IBD clinic gives hope of pregnancy to people with inflammatory bowel disease

Many Australians with inflammatory bowel disease (IBD) choose not to have children because their condition could impact pregnancy. Now, a specialist unit at Royal Melbourne Hospital is providing families with the information and support they need to have children safely.

Associate Professor Britt Christensen helps run the IBD Pregnancy Clinic and says the work is incredibly rewarding.

“The best thing for me is to help these women who were hesitant to have children for fear of not being able to get pregnant or that it would be too risky,” she said.

“Following a pregnancy to a woman and having healthy babies at the end – it changes their lives. “

IBD affects 75,000 Australians

IBD typically consists of two conditions – Crohn’s disease and ulcerative colitis.

These are two permanent autoimmune diseases where the immune system attacks the intestines.

Well-managed patients can live with few symptoms but, if left untreated, the conditions can be debilitating.

Australia has one of the highest rates of IBD in the world, according to Dr Christensen, with more than one in 200 people affected.

“It causes diarrhea, increased bowel frequency and urgency, bleeding, fatigue and severe abdominal pain.”

People are usually diagnosed with IBD between the ages of 16 and 40 – their earliest childbearing age.

If the condition is in “deep remission”, women can have an uncomplicated pregnancy.

For those who have an active disease before conceiving, there is a risk that their condition will deteriorate.

Babies are also at an increased risk of being born prematurely or being born at a lower weight, which can lead to neonatal intensive care unit admission or developmental problems.

“I felt supported”

Sarah Zerbib, a mother of two, was diagnosed with IBD as a teenager.

For most of her 20s and 30s, she was in deep remission.

When she got pregnant with her first child five years ago, she wasn’t “too worried” about the complications.

The pregnancy went well, but after giving birth Ms Zerbib had a severe relapse.

“Because I wasn’t aware of the risks, it was a really big surprise,” she said.

“I got very sick.”

Before conceiving her second child, she was referred to the IBD Pregnancy Clinic at Royal Melbourne Hospital (RMH).

They made “a huge difference,” she said, helping her recover from the relapse and counseling her when she was healthy enough to try to conceive.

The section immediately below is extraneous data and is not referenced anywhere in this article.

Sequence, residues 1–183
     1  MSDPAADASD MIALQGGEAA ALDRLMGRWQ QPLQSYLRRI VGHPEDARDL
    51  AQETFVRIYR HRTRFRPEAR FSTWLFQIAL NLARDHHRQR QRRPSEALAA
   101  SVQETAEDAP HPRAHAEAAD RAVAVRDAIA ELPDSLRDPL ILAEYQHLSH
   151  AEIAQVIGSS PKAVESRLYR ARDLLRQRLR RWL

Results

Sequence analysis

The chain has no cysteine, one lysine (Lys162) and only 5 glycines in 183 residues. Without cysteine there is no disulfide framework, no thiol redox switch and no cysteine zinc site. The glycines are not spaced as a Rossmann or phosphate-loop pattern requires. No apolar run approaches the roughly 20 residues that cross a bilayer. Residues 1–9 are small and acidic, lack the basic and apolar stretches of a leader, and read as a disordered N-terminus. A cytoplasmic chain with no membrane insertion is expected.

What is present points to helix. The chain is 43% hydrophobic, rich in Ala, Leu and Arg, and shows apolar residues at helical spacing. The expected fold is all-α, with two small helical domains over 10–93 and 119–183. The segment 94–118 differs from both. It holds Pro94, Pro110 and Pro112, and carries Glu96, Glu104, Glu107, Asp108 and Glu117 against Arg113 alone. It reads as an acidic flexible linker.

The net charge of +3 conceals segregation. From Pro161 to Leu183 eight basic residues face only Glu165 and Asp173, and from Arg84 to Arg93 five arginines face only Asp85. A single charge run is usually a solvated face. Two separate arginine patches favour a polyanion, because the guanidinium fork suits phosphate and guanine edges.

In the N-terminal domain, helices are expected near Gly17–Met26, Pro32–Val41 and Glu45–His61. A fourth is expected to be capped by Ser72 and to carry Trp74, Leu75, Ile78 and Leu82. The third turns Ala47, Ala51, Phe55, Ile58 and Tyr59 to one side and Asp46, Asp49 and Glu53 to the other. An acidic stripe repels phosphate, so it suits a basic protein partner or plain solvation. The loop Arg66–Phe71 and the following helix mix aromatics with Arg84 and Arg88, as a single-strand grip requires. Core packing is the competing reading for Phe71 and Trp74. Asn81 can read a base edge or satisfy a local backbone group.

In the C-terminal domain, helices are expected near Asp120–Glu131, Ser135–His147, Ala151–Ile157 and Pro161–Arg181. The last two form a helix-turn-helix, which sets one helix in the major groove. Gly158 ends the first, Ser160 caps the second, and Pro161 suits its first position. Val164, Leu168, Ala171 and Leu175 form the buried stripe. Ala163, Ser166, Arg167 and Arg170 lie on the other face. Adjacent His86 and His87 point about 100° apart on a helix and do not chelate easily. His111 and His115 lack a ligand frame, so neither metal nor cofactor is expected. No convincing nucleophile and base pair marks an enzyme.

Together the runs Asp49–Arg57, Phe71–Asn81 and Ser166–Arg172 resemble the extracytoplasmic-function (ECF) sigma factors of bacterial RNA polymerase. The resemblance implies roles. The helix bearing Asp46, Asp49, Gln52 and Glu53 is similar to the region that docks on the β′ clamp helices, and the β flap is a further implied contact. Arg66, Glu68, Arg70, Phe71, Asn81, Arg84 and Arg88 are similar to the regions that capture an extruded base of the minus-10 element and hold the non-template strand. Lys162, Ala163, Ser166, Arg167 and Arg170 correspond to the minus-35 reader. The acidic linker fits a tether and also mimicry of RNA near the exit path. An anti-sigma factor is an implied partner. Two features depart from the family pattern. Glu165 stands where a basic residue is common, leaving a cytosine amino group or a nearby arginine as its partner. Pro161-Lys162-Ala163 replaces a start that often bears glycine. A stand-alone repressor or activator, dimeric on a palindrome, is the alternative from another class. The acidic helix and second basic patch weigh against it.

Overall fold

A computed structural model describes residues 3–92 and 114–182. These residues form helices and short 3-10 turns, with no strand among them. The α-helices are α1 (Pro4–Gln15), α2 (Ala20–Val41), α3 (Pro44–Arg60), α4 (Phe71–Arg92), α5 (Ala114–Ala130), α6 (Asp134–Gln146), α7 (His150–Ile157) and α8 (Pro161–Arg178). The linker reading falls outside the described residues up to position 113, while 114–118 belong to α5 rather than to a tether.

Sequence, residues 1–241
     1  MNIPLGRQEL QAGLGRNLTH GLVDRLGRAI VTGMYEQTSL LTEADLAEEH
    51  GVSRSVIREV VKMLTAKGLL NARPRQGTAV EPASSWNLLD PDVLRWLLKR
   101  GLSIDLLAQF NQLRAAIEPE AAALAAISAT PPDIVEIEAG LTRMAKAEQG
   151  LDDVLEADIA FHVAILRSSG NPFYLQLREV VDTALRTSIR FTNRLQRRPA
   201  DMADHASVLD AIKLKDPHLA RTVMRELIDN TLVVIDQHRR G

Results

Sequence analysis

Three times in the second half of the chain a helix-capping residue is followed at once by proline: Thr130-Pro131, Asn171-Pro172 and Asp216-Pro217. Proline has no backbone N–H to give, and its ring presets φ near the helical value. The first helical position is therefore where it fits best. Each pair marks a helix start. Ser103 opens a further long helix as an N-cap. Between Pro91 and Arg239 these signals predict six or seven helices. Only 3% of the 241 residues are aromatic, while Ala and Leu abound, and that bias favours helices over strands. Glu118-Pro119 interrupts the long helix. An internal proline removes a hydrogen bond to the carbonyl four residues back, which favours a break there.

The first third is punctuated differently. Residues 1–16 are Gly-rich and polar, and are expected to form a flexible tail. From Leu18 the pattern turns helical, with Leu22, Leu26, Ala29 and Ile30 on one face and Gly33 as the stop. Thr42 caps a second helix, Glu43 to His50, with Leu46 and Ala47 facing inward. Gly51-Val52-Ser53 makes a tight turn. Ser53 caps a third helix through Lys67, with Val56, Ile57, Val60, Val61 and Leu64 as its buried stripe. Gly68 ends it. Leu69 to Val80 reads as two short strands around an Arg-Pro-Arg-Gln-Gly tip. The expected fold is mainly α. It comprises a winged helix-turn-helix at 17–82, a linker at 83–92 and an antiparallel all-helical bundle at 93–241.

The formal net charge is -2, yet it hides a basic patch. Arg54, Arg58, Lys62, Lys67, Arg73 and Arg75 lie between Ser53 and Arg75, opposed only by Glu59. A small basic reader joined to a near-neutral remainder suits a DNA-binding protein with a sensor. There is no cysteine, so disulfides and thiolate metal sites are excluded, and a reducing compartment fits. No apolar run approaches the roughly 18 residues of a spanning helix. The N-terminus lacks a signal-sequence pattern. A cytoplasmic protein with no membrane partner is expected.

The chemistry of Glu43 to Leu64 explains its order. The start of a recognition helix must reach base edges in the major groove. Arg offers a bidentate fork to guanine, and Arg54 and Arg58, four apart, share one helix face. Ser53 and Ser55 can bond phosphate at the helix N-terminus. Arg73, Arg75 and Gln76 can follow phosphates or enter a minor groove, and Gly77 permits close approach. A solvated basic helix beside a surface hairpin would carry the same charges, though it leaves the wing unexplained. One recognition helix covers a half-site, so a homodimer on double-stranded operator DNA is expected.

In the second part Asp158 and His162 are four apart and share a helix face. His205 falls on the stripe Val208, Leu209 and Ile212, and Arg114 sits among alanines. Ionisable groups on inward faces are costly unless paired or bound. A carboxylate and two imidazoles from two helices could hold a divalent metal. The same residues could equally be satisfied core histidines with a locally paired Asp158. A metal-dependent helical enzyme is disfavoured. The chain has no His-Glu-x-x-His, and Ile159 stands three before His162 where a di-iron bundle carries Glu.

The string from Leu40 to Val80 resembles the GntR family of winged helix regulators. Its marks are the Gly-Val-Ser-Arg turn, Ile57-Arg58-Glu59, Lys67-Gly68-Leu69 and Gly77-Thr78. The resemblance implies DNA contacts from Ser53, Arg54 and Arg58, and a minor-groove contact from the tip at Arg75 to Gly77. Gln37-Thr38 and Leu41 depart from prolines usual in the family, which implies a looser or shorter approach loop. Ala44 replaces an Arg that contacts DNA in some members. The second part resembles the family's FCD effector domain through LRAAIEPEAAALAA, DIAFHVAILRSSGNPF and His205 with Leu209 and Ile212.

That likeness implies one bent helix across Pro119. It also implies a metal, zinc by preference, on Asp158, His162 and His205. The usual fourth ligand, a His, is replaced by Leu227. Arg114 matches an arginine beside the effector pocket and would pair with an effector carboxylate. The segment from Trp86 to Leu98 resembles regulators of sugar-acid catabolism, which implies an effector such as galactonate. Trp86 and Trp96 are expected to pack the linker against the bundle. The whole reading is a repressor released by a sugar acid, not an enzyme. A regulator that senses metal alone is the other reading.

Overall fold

“I was very informed. I felt very well looked after from all angles,” she said.

Part of the IBD Pregnancy Clinic team at Royal Melbourne Hospital, with patient Stephanie Aparo and her husband Ralph. Ms. Aparo suffers from ulcerative colitis and had twins at the clinic a few years ago.(Provided: Britt Christensen)

When Ms. Zerbib’s condition worsened six months after the onset of pregnancy, the clinic was able to adjust her treatments safely for the fetus.

Ms Zerbib’s health improved and the baby was closely monitored.

Her daughter gave birth safely by Caesarean section in February.

“When you have to deal with all the surprises of pregnancy, as well as your condition, it can be a lot,” she said.

“I felt empowered, in terms of information and being involved in decisions, and I argued for – because the doctors were talking to each other.”

After giving birth, Ms Zerbib had a “small” flare, but says she was able to manage Crohn’s disease better this time around with “more proactive” treatment.

Her daughter is now over eight months old and is doing “very well”.

More clinics needed

RMH’s multidisciplinary IBD pregnancy clinic was the first of its kind in Australia.

There is now one in Sydney.

In addition to women with Crohn’s disease or ulcerative colitis who are considering pregnancy, they treat men.

Many people with the disease worry about the impact drugs can have on unborn children.

By having IBD specialists, obstetricians, pharmacists, nurses and surgeons work together to help people before, during and after pregnancy, the team can reassure them about safety.

“It was fantastic,” said Dr Christensen.

“We have a pharmacist in our clinic who sees women ideally before they get pregnant, who can make sure they are taking the correct medications and see them throughout their treatment and reassure them of safety.

“The idea is to make sure everything goes as smoothly as possible.”

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